An island dispute with a past – Takeshima/Tokdo

Ichiro Ue -Yomiuri Shimbun

The Shimane Prefectural Assembly’s establishment of an ordinance designating Feb. 22 as “Takeshima Day” to reiterate Japan’s territorial claim to the Takeshima islands, known as Tokdo in South Korea, and the Liancourt Rocks elsewhere, has aroused strong protests in Seoul and soured otherwise good bilateral relations.
What is the basis of each nation’s claim to the islands and the historical background of the territorial dispute?
On Jan. 18, 1952, the administration of Syngman Rhee, who had become South Korea’s first president in August 1948, declared sovereignty over the waters around South Korea and drew a line in the Sea of Japan, securing fishing rights in the area and claiming sovereignty over the Takeshima islands.
In July 1954, South Korea began stationing armed guards on the islands and later built a dock.
South Korea’s independence from Japan was recognized by the San Francisco Peace Treaty, which went into effect on April 28, 1952.
The treaty stated South Korea’s territory included the islands of Jeju, Geomun and Ulleung, but the Takeshima islands were not mentioned.
The draft of the treaty had included Takeshima in territory to be taken from Japan, but it was deleted following protests by Japan that the island was historically an integral part of the country.
The government claims the deletion was tantamount to international recognition of Japan’s sovereignty over the islands.
South Korea, for its part, claims the island is part of its territory, citing Directive SCAPIN-677 on Japan’s temporary territory, issued by the GHQ of the occupying U.S. Army in 1946, which said that the Ulleung, Jeju and Takeshima islands were not included in Japan’s territory.
In 1954, Japan suggested arbitration before the International Court of Justice, but South Korea refused.
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Claim based on 1905 position
Japan’s claim to the islands is based on the 1905 incorporation of Takeshima into Shimane Prefecture.
At the request of hunters who wanted to take advantage of large numbers of sea lions in the waters around Takeshima at that time, the cabinet approved the incorporation and notified the prefecture after confirming that no other countries had occupied the islands.
In 1900, the Korean Empire issued an imperial edict renaming Ulleung as Ulldo county, an administrative area covering the Ulleung, Chuk and Sok islands. (Chuk island has the same Chinese characters as Takeshima.)
However, Japan argues that the Chuk island mentioned in the imperial edict is not the Takeshima islands currently under dispute, which at that time was known by another name.
South Korea admits this, but claims that the Sok island mentioned in the edict is the current Takeshima.
However, its assertion is grounded on weak evidence.
Japan’s incorporation of the islands have led to a misunderstanding among South Koreans, that during the Russo-Japanese War, Japan stole the island by taking advantage of the confusion during the final days of the Korean Empire.
According to a South Korean-government designated history textbook for middle schools, Japan incorporated the island into its territory by force during the Russo-Japanese War, but there is no evidence Japan used force and there were no protests from South Korea at the time.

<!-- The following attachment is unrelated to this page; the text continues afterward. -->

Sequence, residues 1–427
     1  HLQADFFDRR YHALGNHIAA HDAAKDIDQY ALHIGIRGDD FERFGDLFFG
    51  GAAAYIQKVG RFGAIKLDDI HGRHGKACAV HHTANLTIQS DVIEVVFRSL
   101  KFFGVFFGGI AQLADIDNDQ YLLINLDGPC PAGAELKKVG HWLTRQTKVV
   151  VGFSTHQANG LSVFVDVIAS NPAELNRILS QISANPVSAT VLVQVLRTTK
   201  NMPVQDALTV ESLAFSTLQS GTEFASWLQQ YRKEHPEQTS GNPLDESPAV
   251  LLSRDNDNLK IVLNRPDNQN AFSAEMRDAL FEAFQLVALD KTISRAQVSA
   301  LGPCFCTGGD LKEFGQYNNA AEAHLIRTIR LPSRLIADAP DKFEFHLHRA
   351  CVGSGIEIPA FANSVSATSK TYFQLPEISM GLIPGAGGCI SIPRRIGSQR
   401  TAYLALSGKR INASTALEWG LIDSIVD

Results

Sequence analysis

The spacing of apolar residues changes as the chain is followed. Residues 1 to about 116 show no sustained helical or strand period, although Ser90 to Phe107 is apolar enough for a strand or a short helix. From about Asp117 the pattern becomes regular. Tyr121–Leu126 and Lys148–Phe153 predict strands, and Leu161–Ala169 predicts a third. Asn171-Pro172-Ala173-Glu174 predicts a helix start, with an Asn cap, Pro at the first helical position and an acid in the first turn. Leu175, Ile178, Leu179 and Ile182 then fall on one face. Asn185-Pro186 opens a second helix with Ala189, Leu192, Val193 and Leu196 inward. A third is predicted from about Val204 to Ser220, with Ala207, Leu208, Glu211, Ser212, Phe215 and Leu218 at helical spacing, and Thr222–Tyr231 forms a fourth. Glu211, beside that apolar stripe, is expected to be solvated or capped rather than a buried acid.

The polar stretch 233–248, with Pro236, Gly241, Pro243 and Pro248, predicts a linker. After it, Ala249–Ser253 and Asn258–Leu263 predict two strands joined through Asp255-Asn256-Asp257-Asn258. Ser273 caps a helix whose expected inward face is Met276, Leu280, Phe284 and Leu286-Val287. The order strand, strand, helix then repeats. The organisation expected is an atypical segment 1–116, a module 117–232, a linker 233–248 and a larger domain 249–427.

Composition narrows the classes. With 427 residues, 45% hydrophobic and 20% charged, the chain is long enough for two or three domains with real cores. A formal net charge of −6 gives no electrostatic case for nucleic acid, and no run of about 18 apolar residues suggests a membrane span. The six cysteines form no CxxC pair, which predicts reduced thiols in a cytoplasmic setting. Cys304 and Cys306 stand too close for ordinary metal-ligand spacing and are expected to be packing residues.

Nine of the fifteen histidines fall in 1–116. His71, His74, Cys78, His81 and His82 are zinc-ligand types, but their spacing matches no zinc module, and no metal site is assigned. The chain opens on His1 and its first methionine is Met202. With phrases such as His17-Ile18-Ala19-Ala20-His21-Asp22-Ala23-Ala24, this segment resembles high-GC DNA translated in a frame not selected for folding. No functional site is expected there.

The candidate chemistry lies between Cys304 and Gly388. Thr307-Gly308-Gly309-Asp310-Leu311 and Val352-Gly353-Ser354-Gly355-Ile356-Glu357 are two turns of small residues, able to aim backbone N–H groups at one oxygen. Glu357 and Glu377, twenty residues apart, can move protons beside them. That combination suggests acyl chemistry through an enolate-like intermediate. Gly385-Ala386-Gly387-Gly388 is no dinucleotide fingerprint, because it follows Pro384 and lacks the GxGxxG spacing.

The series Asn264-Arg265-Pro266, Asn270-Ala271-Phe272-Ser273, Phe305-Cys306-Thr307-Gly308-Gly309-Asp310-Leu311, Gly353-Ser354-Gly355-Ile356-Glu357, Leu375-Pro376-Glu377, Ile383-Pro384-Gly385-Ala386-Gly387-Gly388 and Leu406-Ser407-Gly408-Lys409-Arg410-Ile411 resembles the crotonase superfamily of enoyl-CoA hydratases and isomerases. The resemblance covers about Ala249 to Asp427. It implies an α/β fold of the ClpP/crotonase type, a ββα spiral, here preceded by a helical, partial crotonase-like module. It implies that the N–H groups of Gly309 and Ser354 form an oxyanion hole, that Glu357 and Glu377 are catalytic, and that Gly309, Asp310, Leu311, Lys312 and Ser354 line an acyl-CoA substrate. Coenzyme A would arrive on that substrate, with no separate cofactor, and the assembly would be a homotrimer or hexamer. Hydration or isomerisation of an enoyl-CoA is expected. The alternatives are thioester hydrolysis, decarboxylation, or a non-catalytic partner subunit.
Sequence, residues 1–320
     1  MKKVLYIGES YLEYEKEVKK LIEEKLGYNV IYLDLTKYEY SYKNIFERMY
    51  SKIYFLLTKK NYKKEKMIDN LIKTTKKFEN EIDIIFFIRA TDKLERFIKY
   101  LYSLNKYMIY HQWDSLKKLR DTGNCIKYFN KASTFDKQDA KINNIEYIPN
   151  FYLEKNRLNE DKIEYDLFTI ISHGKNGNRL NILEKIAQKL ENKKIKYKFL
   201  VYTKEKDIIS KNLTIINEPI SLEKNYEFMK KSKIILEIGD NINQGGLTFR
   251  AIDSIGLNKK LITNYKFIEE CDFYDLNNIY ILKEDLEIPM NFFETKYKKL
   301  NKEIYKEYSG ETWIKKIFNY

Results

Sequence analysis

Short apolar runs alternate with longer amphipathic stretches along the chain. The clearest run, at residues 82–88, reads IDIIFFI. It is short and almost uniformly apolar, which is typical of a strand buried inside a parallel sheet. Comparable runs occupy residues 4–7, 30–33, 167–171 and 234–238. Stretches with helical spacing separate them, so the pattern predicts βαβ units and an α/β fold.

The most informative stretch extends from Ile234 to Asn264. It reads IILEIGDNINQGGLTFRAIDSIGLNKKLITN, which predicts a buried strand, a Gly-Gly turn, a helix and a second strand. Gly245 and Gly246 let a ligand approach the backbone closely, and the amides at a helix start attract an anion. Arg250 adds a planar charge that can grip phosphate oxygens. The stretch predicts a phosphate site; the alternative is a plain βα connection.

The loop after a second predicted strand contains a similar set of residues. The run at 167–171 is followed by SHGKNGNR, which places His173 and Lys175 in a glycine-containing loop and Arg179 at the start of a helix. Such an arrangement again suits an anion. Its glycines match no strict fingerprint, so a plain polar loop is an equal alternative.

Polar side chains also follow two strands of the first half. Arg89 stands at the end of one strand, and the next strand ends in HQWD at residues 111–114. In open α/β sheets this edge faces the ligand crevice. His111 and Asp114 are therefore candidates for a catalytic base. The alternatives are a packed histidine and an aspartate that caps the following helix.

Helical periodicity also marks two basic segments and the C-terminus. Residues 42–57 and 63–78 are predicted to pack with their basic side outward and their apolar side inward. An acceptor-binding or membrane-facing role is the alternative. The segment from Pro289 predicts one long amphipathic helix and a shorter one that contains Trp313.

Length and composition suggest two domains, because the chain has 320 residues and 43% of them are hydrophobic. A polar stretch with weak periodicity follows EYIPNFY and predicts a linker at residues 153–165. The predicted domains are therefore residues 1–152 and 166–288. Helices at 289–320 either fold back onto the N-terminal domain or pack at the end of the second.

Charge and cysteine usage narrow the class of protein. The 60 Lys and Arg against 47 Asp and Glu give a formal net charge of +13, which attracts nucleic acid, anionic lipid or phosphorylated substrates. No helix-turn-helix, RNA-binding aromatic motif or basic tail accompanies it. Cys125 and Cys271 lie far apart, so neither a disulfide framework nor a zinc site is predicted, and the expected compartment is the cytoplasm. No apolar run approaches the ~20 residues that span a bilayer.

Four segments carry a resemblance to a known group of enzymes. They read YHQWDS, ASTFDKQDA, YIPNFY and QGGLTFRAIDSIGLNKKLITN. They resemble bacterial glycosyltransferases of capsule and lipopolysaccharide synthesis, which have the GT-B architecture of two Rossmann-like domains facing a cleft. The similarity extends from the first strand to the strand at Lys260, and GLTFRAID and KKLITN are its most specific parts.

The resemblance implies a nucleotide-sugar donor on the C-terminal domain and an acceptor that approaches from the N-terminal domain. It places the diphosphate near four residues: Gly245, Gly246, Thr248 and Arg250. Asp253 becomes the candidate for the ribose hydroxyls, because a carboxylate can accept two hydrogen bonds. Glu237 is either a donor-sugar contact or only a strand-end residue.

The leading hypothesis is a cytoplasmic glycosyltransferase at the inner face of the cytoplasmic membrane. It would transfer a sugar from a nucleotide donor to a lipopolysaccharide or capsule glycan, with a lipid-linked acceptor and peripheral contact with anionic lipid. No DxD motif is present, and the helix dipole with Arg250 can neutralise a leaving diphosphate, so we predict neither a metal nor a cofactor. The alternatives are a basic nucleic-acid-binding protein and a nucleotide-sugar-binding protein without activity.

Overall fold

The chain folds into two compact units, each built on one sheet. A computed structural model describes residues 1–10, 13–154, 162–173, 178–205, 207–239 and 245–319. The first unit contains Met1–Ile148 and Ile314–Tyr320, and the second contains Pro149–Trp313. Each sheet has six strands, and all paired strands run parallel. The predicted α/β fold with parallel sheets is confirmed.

Imperial Korean records claim that Chi Jung Wang of the sixth century Silla Kingdom determined the islands were South Korean territory. Such documents and history books have imbued South Koreans with a sense of ownership of the islands.
According to the “Samguk-Sagi” (History of the Three Kingdoms), published in 1145, in 512 the Silla Kingdom conquered Ulleung, then called the State of Usan. But the book does not mention whether Takeshima was included in Usan, and the islands, which have no fresh water, show no traces of people having lived there.
Edo era sees row erupt
A fishing row in the 17th century prompted the two countries to lay claim to the islands.
Beginning in the 15th century, the Chosun dynasty repatriated islanders who had apparently gone there from the neighboring Ulleung island without permission. The islanders were returned to the mainland, leaving the islands uninhabited.
In 1618, the Tokugawa shogunate gave permission to two families from Hoki Province (present-day Tottori Prefecture) to visit Ulleung, using Takeshima as a stopover.
A protest from the Chosun Dynasty led to the shogunate’s acknowledgement that the islands belonged to Korea.
In 1696, the shogunate prohibited Japanese from sailing to Ulleung, but allowed them to go to Takeshima, which was handled as a fishing base until the Meiji era (1868-1912).
Japan’s documents confirm that An Yong Bok came to Japan twice as a Korean delegate after fishing conflicts between Japanese and Korean fishermen.
According to Chosun Dynasty documents, An said the lord of Hoki Province recognized the Ulleung and Takeshima islands as Chosun territory, but the document was stolen by members of Tsushima Province.
However, there are no documents to substantiate An’s testimony.
The Japanese government has repeatedly notified South Korea that An’s testimony was baseless after comparing his report with Japan’s documents.


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